There might be plenty of fish in the sea, but their foreign accents could mean the chances of them finding love are dwindling.
Scientists in Britain are looking at the sound cod make to attract a mate, and whether regional populations could have different accents.
University of Exeter marine biologist Steve Simpson said it was important to understand whether there are these regional dialects for different populations.
"When cod make noise it's generally the males that make noise and they're usually producing sound to convince the female that she wants to mate with him. And so, much of this is really a love song."
"In that sound there's actually a lot of information about the size of the fish, the quality of the fish and what condition he's in, and he's just got 15 seconds or so to get that song just right to convince her as they swim towards the surface that she'll release her eggs for him."
There was also evidence from studies in Canada that when cod swim towards the surface the females only released eggs about a third of the time.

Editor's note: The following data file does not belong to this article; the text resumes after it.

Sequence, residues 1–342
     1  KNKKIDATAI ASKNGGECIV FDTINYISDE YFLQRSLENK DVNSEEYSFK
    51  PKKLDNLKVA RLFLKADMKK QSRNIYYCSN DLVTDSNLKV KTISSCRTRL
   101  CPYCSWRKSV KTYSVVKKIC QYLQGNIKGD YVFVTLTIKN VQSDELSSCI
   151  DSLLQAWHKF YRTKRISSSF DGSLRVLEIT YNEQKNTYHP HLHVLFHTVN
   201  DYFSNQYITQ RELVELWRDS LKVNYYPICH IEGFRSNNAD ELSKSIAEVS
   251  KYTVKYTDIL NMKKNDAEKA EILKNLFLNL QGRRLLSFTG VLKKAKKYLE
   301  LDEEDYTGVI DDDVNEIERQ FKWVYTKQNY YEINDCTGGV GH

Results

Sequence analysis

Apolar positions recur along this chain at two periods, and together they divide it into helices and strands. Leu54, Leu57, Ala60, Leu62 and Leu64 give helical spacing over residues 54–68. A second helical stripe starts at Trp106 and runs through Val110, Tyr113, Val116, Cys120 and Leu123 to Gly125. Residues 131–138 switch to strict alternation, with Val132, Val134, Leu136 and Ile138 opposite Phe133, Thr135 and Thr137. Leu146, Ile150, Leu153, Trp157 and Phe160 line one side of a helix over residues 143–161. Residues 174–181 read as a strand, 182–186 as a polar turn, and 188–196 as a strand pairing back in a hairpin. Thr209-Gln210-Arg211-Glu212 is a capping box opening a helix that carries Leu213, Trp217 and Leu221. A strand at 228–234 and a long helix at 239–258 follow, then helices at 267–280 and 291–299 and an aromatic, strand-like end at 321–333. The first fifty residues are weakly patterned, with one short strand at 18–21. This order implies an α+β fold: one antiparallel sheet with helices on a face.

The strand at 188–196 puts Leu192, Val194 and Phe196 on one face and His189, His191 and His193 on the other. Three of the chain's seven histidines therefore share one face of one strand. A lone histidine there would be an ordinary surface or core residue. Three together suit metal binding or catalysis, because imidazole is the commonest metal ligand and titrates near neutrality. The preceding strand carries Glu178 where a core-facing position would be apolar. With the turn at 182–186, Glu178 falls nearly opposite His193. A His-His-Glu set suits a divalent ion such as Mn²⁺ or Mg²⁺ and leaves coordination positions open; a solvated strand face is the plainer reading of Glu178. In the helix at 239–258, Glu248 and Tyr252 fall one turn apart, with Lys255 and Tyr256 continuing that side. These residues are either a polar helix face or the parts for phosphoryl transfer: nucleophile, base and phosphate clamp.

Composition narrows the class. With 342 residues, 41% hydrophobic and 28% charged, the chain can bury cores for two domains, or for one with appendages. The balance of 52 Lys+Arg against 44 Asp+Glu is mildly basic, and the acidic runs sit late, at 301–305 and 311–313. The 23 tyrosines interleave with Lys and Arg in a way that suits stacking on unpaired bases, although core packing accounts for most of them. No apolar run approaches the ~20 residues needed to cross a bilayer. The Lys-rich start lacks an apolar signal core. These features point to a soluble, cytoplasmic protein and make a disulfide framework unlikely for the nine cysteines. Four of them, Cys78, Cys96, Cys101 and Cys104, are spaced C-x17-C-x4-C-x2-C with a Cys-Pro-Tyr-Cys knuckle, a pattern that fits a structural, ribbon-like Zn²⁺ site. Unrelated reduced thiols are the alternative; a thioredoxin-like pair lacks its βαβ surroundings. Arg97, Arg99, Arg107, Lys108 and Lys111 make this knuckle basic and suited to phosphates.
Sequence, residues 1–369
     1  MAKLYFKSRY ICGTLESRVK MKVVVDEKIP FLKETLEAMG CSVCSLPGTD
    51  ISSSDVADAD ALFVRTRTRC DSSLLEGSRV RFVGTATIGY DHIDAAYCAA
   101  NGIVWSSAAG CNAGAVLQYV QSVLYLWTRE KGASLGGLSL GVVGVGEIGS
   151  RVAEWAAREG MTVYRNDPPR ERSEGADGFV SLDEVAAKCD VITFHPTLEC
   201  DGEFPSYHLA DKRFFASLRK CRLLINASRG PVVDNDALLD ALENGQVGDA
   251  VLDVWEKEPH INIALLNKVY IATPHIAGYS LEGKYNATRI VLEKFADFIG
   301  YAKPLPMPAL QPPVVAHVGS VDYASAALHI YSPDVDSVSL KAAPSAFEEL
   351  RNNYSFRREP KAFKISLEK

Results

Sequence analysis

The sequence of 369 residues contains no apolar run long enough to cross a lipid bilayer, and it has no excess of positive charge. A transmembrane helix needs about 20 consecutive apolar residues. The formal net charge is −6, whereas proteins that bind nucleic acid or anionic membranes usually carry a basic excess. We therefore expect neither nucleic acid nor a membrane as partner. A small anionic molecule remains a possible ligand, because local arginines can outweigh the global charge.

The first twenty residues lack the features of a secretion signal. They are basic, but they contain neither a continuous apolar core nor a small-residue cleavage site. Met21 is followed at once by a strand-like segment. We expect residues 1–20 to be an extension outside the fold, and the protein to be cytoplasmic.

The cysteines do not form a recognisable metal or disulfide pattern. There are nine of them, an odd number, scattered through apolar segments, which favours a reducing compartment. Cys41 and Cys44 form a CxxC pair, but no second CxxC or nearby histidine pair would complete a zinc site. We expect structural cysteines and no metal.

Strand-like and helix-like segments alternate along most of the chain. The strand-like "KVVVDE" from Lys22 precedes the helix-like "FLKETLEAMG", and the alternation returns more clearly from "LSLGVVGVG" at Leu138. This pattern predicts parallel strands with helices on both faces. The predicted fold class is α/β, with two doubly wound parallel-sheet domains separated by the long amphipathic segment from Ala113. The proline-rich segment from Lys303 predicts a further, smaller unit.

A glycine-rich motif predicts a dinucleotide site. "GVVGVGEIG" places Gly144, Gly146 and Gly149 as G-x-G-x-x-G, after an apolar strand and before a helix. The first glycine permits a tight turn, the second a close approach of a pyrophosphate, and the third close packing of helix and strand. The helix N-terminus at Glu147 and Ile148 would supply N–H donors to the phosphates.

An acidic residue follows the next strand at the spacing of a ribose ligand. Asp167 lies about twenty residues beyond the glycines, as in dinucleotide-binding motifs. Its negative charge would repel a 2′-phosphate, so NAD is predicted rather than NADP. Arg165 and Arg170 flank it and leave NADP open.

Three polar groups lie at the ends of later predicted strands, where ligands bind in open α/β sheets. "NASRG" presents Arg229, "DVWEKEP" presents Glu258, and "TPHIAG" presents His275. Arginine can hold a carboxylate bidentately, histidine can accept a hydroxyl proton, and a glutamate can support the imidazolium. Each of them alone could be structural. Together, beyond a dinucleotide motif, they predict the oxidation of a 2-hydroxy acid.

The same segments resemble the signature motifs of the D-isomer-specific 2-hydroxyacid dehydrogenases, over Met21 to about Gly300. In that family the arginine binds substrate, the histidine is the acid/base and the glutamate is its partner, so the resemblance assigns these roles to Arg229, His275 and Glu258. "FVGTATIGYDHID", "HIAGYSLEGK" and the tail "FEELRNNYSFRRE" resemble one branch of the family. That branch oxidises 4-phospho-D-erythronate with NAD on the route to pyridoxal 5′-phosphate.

"So she's clearly picky, and that sound is one of the most important pieces of information she has to go on - and remember it's the middle of the night - to whether the male she's swimming with is any quality or not."
He said cod were being forced closer to the poles by warming and there were several populations which could mingle because of it. Because cod tended to have traditional spawning grounds, subpopulations could become genetically quite different.
"And they have the opportunity then for the sounds that they produce to diverge in different ways. Cod have quite a repertoire of sounds that they can make," Prof Simpson said.
"And if they have a specific sound that they produce during reproduction and that sound is presented to the wrong female then it might start to disentangle reproduction.
There was also the threat of human noise in the marine world on the fish populations.
"The funding that we have is actually from the British government and the research council NERC (Natural Environment Research Council) to look at the effect of human noise in the marine world.
"So when you dip your hydrophone in the water - underwater microphone - in the UK what you tend to hear is human noise.
"Shipping, pile driving, construction or drilling and things like that. So we're actually quite seriously looking at the effect of human noise drowning out these important natural sound that fish depend on."
"We've actually been doing this in coral reefs for a long time, listening to coral reefs and we know that the sounds we hear tell us who lives there but also tell us about the quality of the habitat. And we've never really done the same thing in the UK, to characterise the soundscapes of the marine environment."